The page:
Proper hiking in the city limits of Los Angeles can be difficult to come by. The hustle and bustle of life in the city can really get to a person sometimes. It is always nice to have a place that is close by and offers good trails, clean air, peace and quiet. This is why Temescal Canyon is one of the most popular hiking destinations in the Los Angeles Area. The hike is in Pacific Palisades at the end of Temescal Canyon Rd. on Sunset Blvd. The trail head for this hike starts in Temescal Gateway Park, 20 miles from downtown Los Angeles. To get there head west to PCH, take a right on Temescal Canyon Rd. until it ends. You can also take Sunset Blvd. West until Temescal Canyon Rd. and make a right into the park. There is a fairly large parking lot. Parking is $7.00 and enforced by the ranger. Street parking is available on Temescal Canyon Rd. The park is very popular so on the weekends its best to get their early to beat some of the crowds.
This is a great hike for everyone. It is used by many local fitness junkies that push themselves hard up the Ridge Trail for the first two miles and coast back as a cool down. The park allows dogs on a leash but about a quarter mile in you reach Topanga State Park property and dogs are not permitted. We did the hike as a loop, starting on the Temescal Canyon Trail to the Temescal Ridge Trail with a side trip to Skull Rock and we recommend this way so you can see everything. However, you can do the hike just on the canyon trail. This is the better scenario if you bring small kids, elderly people or someone not in the best condition. The Canyon Trail is well groomed, shaded, next to the creek and finishes at the waterfall. You can then turn around and head back the same way you came. If you are trying to get a workout it is recommended that you start on the Ridge Trail. This will take you up 1000’ of elevation in around two miles on the west ridge of the Canyon.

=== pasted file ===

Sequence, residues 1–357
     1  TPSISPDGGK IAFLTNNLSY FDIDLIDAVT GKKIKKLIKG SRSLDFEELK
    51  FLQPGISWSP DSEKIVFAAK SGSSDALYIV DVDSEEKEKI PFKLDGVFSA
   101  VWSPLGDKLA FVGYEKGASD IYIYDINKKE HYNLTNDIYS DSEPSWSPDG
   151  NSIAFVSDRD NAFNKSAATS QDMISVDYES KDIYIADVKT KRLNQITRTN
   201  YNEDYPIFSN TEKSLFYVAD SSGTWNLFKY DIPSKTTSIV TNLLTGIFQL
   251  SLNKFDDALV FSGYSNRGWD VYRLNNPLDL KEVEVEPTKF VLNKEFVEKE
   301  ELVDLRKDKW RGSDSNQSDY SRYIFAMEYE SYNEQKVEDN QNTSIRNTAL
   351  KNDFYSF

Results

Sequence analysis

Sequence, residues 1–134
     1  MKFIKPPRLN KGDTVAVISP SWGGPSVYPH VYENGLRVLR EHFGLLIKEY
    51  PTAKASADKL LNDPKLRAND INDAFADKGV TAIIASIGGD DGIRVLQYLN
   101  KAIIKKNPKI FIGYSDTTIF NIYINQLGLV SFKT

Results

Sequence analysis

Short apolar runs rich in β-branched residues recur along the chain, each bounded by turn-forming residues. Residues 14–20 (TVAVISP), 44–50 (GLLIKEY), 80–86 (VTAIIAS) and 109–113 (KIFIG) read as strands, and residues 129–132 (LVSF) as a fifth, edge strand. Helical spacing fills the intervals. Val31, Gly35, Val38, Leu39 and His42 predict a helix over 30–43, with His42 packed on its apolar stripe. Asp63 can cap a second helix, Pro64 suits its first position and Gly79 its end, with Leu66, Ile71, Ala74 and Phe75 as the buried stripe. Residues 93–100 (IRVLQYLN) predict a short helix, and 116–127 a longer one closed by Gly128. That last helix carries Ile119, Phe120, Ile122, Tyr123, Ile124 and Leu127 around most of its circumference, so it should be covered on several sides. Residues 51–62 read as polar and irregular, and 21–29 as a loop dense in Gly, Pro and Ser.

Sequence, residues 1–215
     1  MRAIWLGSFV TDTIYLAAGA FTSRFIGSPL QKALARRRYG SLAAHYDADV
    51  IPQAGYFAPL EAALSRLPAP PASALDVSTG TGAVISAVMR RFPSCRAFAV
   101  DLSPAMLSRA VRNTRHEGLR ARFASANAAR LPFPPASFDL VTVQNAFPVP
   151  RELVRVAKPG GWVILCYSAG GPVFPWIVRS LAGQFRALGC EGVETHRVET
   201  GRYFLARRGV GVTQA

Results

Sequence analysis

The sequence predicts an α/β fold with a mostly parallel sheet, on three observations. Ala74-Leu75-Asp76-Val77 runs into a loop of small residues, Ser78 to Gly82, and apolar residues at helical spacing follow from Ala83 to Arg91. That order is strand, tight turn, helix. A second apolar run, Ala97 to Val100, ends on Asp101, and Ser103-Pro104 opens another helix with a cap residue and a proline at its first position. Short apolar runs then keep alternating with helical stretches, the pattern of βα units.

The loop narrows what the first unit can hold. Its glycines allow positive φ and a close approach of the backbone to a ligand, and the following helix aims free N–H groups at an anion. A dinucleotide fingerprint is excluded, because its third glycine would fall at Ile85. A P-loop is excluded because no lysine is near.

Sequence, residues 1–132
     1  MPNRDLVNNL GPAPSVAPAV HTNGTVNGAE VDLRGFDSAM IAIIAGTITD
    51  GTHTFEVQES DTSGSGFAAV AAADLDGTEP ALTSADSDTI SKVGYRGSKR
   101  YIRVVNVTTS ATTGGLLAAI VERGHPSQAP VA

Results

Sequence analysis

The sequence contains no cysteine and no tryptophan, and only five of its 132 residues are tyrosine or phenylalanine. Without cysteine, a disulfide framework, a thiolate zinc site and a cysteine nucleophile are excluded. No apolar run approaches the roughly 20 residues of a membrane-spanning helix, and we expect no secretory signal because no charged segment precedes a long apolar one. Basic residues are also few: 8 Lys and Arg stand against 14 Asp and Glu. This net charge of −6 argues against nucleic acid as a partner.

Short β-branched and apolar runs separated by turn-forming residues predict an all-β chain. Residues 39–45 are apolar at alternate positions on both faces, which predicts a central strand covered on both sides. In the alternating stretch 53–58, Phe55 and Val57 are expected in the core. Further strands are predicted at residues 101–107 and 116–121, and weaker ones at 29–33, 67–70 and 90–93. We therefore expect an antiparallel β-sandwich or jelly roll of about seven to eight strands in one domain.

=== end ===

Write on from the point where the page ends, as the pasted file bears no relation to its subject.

This write up will follow the video and be told as we did it. At the start of the hike you travel through the park. You pass all the residences and community buildings the park offers. You cross over the creek and head north where the trail was chained off to vehicles. After passing a challenging team building coarse and beautiful grove of trees you cross into Topanga State Park. This stretch takes you along the Temescal Creek. Here you see trees, boulders, flowers, birds. It’s green and full of life. At the end of this section of the trail you reach a small, cascading waterfall. This is a good opportunity to get close to the water, climb around on the rocks and take some pictures. If you scramble down by the waterfall and climb up next to it you can keep going and explore more, larger falls. When you have cooled down and had your waterfall fix, continue across the bridge and start up the canyon. After a short climb you will reach a trail junction. Keep left to continue on the ridge trail. Head right for a short side trip to the rock formation called Skull Rock. Hike about .5 miles and you will see it in the distance. The rock has a remarkable resemblance of the side profile of a human skull. It is really cool. Get closer and climb up to get some of the best views of the Santa Monica Bay around. Head back down and meet back up with the Temescal Ridge Trail. Along this trail you will be delighted with ocean views all along the ridge with a wonderful lookout point where you can see Malibu, Catalina Island, the bay, all the way to downtown on a clear day.
This Los Angeles hike is highly recommended. It is close to everything and really offers a fun, challenging, picturesque, satisfying hike that’s not going to take all day. This is a good hike for kids or even a date. If you are sick of Los Angeles Traffic and just need to get away but don’t have a lot of time, this is the hike for you. We here at Hikes You Can do strive to bring you all the information you need when looking for a hike in the Los Angeles area. We hope this has inspired you to go out and check out the Temescal Canyon Loop Hike in Pacific Palisades in the Santa Monica Mts.
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